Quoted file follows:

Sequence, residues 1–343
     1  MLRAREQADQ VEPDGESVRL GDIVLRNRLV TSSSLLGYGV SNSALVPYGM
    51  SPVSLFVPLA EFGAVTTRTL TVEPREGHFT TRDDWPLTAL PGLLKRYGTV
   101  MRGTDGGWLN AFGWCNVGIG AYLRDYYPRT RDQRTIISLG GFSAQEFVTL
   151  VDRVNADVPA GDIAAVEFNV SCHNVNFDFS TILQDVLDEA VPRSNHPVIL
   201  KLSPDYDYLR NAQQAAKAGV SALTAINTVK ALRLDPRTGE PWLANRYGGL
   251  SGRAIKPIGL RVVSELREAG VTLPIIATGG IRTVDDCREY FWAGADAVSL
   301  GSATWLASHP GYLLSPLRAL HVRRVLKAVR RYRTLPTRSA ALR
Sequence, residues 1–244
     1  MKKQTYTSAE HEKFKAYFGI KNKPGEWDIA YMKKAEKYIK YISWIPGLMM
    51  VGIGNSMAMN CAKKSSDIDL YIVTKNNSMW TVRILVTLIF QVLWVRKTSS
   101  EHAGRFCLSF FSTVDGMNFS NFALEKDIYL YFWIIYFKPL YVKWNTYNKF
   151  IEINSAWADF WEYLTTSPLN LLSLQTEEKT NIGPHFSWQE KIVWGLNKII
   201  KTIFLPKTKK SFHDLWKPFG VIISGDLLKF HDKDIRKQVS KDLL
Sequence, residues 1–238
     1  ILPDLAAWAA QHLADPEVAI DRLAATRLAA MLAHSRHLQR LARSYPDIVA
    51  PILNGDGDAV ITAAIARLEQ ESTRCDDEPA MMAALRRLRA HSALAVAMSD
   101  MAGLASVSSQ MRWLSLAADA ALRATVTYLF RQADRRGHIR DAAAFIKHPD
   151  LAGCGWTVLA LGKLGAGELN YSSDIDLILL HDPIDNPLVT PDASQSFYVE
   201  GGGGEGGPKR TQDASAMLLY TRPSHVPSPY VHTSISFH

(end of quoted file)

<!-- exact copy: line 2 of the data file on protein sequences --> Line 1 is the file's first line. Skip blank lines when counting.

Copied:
     1  MLRAREQADQ VEPDGESVRL GDIVLRNRLV TSSSLLGYGV SNSALVPYGM